Health care providers, health plans, health care clearinghouses and their business associates should confirm their existing policies, practices and training for communicating with the media and others comply with the Privacy Rule requirements of the Health Insurance Portability and Accountability Act (HIPAA) Privacy Rule in light of a Resolution Agreement with Shasta Regional Medical Center (SRMC) announced by the U.S. Department of Health and Human Services (HHS) Office of Civil Rights today (June 14, 2013).
Under the Resolution Agreement, SRMC agrees to pay $275,000 and implement a comprehensive corrective action plan (CAP) to settle an investigation that resulted when SRMC used and disclosed protected health information (PHI) of a patient to members of the media and its workforce while trying to do damage control against fraud or other allegations of misconduct involving individual patient information or circumstances. The Resolution Agreement shows how efforts to respond to press or media reports, patient or other complaints, physician or employee disputes, high profile accidents, or other events that may involve communications not typically run by privacy officers can create big exposures.
Talking Out Of Turn To Media & Others Violated HIPAA
OCR investigated SRMC after a January 4, 2012 Los Angeles Times article reported two SRMC senior leaders had met with media to discuss medical services provided to a patient. OCR’s investigation indicated that SRMC failed to safeguard the patient’s protected health information (PHI) from impermissible disclosure by intentionally disclosing PHI to multiple media outlets on at least three separate occasions, without a valid written authorization. OCR’s review also revealed senior management at SRMC impermissibly shared details about the patient’s medical condition, diagnosis and treatment in an email to the entire workforce. Further, SRMC failed to sanction its workforce members for impermissibly disclosing the patient’s records pursuant to its internal sanctions policy.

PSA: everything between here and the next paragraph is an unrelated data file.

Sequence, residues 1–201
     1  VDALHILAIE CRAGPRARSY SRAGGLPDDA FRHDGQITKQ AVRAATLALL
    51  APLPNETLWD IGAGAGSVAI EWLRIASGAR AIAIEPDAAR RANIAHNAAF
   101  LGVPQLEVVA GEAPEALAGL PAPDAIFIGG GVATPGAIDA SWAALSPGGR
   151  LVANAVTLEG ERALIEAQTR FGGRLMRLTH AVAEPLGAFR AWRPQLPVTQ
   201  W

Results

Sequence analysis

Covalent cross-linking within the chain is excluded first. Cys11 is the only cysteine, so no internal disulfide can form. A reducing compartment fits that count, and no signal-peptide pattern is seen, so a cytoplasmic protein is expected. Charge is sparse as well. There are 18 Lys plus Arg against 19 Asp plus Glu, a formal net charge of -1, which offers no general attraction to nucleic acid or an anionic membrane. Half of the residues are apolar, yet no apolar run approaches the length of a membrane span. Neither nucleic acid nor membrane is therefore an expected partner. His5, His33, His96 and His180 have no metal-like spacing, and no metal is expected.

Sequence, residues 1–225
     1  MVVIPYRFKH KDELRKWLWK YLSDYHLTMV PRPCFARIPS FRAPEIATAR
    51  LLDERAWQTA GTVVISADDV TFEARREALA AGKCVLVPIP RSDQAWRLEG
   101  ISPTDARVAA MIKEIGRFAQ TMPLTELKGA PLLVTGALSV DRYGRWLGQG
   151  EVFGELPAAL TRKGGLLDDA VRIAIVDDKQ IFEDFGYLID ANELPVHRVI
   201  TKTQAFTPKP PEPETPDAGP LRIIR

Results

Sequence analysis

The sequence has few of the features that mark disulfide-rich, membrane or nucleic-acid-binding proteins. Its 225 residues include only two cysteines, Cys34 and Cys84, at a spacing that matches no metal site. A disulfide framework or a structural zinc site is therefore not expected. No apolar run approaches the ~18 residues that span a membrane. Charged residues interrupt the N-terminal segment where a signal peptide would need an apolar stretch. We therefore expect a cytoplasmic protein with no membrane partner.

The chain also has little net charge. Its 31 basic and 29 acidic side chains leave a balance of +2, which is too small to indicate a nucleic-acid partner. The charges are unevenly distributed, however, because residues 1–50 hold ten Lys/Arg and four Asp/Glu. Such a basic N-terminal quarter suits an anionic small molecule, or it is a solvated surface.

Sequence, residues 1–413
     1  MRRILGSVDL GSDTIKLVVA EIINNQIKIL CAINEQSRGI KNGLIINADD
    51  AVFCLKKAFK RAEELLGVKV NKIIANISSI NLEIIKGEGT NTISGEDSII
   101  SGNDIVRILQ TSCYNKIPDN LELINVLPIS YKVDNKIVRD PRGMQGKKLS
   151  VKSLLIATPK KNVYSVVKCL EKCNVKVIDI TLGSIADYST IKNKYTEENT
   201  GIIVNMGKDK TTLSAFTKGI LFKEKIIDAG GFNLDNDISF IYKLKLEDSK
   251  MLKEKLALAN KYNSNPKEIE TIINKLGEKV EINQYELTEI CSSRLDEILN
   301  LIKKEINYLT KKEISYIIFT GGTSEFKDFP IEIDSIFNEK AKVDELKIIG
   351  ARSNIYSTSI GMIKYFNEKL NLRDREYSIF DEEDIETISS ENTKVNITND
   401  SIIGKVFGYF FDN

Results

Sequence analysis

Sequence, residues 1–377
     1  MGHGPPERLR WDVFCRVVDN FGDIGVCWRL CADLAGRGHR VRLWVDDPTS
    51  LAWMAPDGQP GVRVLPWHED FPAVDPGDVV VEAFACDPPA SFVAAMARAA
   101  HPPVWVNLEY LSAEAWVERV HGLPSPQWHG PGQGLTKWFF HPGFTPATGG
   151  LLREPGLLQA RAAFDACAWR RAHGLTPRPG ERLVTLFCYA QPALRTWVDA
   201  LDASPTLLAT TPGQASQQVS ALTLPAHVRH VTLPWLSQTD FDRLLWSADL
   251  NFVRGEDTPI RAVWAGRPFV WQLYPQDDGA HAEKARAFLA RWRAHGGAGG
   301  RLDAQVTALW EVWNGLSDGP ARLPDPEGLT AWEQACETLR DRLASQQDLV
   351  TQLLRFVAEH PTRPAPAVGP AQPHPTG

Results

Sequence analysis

Among other things, the specific misconduct uncovered by HHS’s investigation indicated that from December 13 – 20, 2011, SRMC failed to safeguard the patient’s PHI from any impermissible intentional or unintentional disclosure on multiple occasions in connection with its response to media coverage arising from a Medicare fraud story including:
- On December 13, 2011, for instance, OCR reports SRMC’s parent company sent a letter to California Watch, responding to a story about Medicare fraud. The letter described the patient’s medical treatment and provided specifics about her lab results even though SRMC did not have a written authorization from the patient to disclose this information to this news outlet.
- On December 16, 2011, two of SRMC’s senior leaders also met with The Record Searchlight’s editor to discuss the patient’s medical record in detail even though SRMC did not have a written authorization from the patient to disclose this information to this newspaper.
- On December 20, 2011, SRMC sent a letter to The Los Angeles Times, which contained detailed information about the treatment the patient received when, again, SRMC did not have a written authorization from the patient to disclose this information to this newspaper.
In addition, OCR found SRMC impermissibly used the affected party’s PHI when on December 20, 2011, SRMC sent an email to its entire workforce and medical staff, approximately 785-900 individuals, describing, in detail, the patient’s medical condition, diagnosis and treatment. SRMC did not have a written authorization from the patient to share this information with SRMC’s entire workforce and medical staff.
SRMC Must Correct & Pay $$275K Penalty
Under the Resolution Agreement, SRMC pays a $275,000 monetary settlement and agrees to comply with a CAP for the next year.